Caitlin Clark salary highlights huge gender pay disparity in US basketball

Caitlin Clark

By any measure you choose Caitlin Clark is one of the most valuable stars in basketball, a sport which is not short of cash. Yet after signing with the Indiana Fever as the first pick of the WNBA draft last month, Clark will start on a surprisingly low salary. She will be paid $76,535 in her first year as a pro, a touch over £60,000. It is middle management money for one of the most marketable athletes in the world.

This is the standard rate for the top-picked rookie in the WNBA, so not some grievous personal insult as it might be in British sport, where players largely negotiate their own deals individually. Yet it does not compare favourably with the male NBA equivalent. This year’s No 1 draft pick in their league will make more than $10 million, so Clark is on a 137th of her male equivalent.

Of course the NBA makes a good deal more money ($10 billion last year year) than the WNBA (projected to reach $200 million, some of which is an NBA subsidy), but that is a 50-fold disparity, not 137. Yet no one playing in the league is asking for total parity with the men, just an equivalent slice. “We are not asking to get paid what the men get paid,” said Las Vegas Aces Kelsey Plum in 2022. “We’re asking to get paid the same percentage of revenue shared.”

The collective bargaining agreement in the NBA gives players 50 per cent of “basketball related income”, the WNBA players see about 10 per cent. As a result many players risk burnout and injury by playing overseas during the American off-seasons to supplement their income. There is no salary cap in equivalent leagues around the world, so WNBA players can double or triple what they make from their teams at home.

Caitlin Clark poses with WNBA commissioner Cathy Engelbert after she is selected with the number one overall pick to the Indiana Fever
Indian Fever made the University of Iowa's Caitlin Clark the No 1 pick at the WNBA draft in April - Brad Penner-USA TODAY Sports

None of this is new, but Clark’s profile is such that some powerful people have begun to take notice. “Even if you’re the best, women are not paid their fair share,” said US President Joe Biden.

‘Two seasons ago players were having to sleep in airports’

“People who haven’t been following it extremely closely are learning about the disparity now,” says Shawn Medow, US reporter for SportBusiness. “If you get drafted at the bottom of the NBA draft you’re going to be making more than Caitlin Clark, who was the top pick for the WNBA.”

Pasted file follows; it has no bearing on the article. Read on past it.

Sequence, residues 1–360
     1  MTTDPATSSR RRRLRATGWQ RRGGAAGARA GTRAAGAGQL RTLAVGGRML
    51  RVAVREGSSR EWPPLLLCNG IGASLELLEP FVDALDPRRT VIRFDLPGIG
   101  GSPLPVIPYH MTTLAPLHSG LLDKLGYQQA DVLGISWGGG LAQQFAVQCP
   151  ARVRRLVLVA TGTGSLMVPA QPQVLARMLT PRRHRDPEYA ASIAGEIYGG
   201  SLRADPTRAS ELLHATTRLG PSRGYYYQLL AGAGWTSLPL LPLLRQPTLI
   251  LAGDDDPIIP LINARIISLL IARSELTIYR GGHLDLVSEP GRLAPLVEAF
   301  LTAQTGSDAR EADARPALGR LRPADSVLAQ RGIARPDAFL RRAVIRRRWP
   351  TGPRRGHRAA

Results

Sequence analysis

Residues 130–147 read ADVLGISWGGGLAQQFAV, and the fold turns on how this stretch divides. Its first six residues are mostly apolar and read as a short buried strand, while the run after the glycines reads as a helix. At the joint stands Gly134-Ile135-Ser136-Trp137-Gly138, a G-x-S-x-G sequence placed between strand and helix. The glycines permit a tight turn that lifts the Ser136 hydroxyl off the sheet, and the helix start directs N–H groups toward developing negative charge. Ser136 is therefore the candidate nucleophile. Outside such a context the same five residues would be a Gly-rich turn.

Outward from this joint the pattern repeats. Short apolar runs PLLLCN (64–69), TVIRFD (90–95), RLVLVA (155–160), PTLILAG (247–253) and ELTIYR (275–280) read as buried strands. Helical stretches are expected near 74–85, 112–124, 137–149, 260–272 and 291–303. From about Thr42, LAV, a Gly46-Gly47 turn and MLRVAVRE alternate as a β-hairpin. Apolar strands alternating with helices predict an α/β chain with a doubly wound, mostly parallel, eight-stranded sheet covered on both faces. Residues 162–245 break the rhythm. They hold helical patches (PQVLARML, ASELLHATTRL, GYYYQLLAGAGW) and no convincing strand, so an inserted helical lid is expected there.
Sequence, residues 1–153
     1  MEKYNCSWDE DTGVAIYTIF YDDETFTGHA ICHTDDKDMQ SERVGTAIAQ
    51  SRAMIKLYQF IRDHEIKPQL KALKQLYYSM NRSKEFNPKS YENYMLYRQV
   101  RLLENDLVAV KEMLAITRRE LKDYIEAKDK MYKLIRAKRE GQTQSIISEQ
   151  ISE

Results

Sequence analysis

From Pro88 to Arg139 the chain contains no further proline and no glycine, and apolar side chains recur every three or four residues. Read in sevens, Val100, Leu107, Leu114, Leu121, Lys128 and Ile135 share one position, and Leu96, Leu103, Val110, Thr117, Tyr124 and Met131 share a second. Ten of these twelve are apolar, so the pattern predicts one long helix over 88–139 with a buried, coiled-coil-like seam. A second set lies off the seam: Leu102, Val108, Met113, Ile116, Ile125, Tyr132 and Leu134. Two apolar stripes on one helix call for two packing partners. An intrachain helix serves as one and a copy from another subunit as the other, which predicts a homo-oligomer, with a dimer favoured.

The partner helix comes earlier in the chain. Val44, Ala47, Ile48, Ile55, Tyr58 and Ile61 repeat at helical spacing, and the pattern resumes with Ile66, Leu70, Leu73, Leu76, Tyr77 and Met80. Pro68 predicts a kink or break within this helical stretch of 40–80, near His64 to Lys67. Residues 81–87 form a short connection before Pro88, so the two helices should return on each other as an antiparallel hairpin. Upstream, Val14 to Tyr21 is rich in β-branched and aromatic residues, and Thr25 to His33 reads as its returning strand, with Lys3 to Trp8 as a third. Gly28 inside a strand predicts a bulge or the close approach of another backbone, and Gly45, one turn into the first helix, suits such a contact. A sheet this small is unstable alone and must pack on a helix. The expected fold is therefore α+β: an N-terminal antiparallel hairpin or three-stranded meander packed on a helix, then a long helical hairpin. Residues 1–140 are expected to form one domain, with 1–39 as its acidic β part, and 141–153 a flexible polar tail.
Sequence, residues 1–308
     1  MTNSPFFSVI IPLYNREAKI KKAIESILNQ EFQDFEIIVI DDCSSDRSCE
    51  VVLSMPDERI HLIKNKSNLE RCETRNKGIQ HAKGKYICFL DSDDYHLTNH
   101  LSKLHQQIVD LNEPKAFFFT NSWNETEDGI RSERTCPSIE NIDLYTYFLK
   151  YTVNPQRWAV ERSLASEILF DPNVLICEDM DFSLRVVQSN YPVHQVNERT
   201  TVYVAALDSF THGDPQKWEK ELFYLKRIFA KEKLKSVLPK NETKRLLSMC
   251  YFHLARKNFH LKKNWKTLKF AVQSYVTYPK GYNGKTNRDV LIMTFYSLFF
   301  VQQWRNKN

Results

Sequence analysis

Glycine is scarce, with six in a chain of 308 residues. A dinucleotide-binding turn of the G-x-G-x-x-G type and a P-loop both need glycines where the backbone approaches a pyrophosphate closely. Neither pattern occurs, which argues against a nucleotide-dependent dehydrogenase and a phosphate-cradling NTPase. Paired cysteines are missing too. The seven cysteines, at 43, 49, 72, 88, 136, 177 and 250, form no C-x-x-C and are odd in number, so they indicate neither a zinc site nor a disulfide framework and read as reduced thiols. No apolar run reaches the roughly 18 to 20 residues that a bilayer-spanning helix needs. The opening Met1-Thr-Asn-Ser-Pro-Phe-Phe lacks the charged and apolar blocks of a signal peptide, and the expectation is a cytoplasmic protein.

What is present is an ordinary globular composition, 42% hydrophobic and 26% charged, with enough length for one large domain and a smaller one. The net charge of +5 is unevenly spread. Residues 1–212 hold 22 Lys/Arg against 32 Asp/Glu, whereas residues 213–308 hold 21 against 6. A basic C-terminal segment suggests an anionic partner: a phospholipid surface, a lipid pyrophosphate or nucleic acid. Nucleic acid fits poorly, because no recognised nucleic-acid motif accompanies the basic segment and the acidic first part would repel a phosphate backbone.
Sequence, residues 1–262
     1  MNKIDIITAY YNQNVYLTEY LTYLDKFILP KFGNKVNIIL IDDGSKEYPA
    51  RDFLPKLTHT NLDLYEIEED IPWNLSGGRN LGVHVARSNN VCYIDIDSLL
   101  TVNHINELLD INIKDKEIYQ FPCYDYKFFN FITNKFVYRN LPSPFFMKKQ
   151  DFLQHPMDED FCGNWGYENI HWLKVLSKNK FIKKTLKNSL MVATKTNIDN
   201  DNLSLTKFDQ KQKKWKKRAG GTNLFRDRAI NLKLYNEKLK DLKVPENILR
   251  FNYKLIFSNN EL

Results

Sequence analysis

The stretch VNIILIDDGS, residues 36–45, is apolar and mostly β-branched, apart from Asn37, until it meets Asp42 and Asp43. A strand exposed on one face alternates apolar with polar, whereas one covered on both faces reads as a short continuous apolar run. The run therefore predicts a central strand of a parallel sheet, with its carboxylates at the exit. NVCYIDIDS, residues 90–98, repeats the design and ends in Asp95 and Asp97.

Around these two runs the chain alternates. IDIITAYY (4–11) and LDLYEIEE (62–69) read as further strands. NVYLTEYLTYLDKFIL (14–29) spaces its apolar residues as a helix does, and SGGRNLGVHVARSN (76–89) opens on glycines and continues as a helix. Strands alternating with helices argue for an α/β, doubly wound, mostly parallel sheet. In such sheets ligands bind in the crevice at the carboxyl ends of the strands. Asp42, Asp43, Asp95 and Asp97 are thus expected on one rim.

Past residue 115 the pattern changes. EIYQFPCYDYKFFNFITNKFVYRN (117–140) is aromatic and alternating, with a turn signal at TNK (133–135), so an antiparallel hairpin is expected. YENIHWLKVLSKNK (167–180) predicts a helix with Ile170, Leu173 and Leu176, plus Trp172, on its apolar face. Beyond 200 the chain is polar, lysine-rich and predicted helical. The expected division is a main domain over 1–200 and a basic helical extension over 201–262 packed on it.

It is not just in base salary where Clark and her peers have reason to feel undervalued. “A big issue for WNBA players is having to take commercial flights,” says Medow. “As recently as two seasons ago players were having to sleep in airports because their flights were delayed. Shouldn’t every game be a charter when you’re 6ft 4in tall and flying across the country? I don’t think Leo Messi is sitting in coach on a United Airlines flight any time soon.”

The WNBA announced last week that charter flights for all games will be phased in for the next two seasons, with the 2024 season getting underway on Tuesday.

Opinions differ on who is to blame for the slow improvements in pay and working conditions. “My personal opinion is it’s partially the league, the NBA,” says Medow. “If you look at the NWSL [the top women’s soccer league in the US] they are independent of the MLS and that allows them to make their own rights deals, to get their own sponsorships and push further in what they want to do.”

‘Some owners are still a bit cheap’

Women’s basketball journalist Jackie Powell says: “There is still an ownership structure within the WNBA where you have owners who believe that by owning a WNBA franchise, they are doing a civic duty. There are owners that still exist that are a bit cheap.

“Factions emerge of people who are like, ‘Yes, we’re going to invest in all that we can’ and then you have some franchises that still don’t have the capital to invest as much, and they’re too stubborn to sell their franchises.”

So it may be a long wait for female basketball players in America to reach an equivalent share of revenue to their male peers, although a new media rights deal should hasten that change. This is a league which everyone agrees has the ability to make a lot more money that it does currently and Clark is expected to speed up that process.

The value in the future could be consolidated around stars rather than teams or the league. It is certainly easier to imagine personalities having broader appeal than teams and the league as a whole, especially on social media. The trouble then is ensuring those beyond the top bracket earn their fare share. The league is still 12 teams with 12 players each and “there’s not 144 sponsorships lying around”, says Medow.

And do not fret too much about Clark’s financial future. Her endorsement deals with Gatorade, Buick and State Farm have many more years to run and recently it was reported that she was close to agreeing an eight-year deal with Nike worth $28 million. Not bad for a side hustle.